• Money. Startups can grow organically without funding, but it’s slow, painful and often produces compromises and inefficiencies. Being funding overcomes all that, but then the startup must reach profitability before the funding runs out. Envato not only leverages their existing infrastructure, code and workforce, but they have a profitable business behind PhotoDune to keep it going, and growing for an indefinite period of time.

Contribute, or Not?

Some of the top microstockers recruited during the beta period have already earned hundreds of dollars in royalties from PhotoDune, with the top earner over $1,000. Others have earned less but are still amazed that a startup microstock agency can produce such instant results, especially before the site is open to the public!

Royalties are 25%. This is not good news, but a refreshing alternative from the new agencies which pay 70% royalties and have no money left over to grow, or even maintain, the business. That being said, 50% – 70% royalties are available for exclusive files, though exclusivity with a startup microstock agency is too risky for any serious microstocker. These rates are brought over from Envato’s other marketplaces where exclusivity is a much more viable proposition, and is obviously highly encouraged by Envato.

As in previous years, Envato is doing a birthday promotion where all contributors earn 70% royalty for five days, followed by a cut-price bundle of products for customers. If you’ve already got your content online, or can get it up quick, you stand to almost triple your royalty for the week starting August 15th.

Prices are also quite low for many contributors’ preferences, not wanting to undercut more lucrative sales at other agencies. This hasn’t prevented them from recruiting many of the most successful microstock photographers and illustrators.

The submission process is not perfect, but far from the laborious in comparison to many other agencies.   It has been refined from that of other Envato marketplaces and they continue working to make it as pain free as possible.

It’s obvious that PhotoDune is not just another startup microstock agency, nor just another Envato marketplace. The company has taken the time to understand microstock and build something that works. Given all this, it seems very likely that new contributors will generate a nice return on their time spent submitting.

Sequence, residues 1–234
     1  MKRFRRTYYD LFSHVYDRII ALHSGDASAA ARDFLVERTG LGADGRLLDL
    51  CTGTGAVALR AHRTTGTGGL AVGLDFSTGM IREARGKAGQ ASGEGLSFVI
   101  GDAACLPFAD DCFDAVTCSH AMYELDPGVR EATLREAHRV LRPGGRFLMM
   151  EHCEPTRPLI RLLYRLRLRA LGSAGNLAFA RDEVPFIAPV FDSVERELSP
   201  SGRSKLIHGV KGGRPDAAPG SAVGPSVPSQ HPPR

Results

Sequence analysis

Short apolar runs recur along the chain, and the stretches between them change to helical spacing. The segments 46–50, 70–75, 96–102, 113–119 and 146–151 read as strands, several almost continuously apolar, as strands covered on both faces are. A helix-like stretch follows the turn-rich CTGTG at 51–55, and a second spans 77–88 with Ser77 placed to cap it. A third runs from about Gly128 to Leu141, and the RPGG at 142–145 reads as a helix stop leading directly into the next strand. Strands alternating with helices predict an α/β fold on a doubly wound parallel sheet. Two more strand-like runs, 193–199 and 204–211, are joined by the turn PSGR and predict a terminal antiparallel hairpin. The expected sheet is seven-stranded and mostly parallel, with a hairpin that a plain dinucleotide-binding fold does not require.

Your Thoughts?

I’ve started a formal review of PhotoDune with more detail and analysis of it’s positive and negative aspects which I’ll publish soon, but I’d like to hear your initial thoughts on this not-so-typical new microstock agency.

  • Eric B
    Posted at 10:11h, 09 August Reply

    Their sister site VectoTuts is awesome. However, they aren’t too clear on how vector artists can contribute.

  • Cory
    Posted at 12:04h, 09 August Reply

    I was never impressed enough with GraphicRiver enough to sign up for it. I guess this is the photo version. It’s sad to see another low paying agency come online.

  • Eric B
    Posted at 12:59h, 09 August Reply

    Yeah, that percentage stinks. I think we need to support the agencies that give us at least 50%.

  • CandyBox Photography
    Posted at 11:38h, 10 August Reply

    We do fully support this great new site of Envato. Please take in account, prior commenting the “low” commission rate offered by PhotoDune, that the exposure of the agency where your images are (proactive sales initiatives) counts more then the relative commission rate. At the end of the day, 70% of nothing is…not much!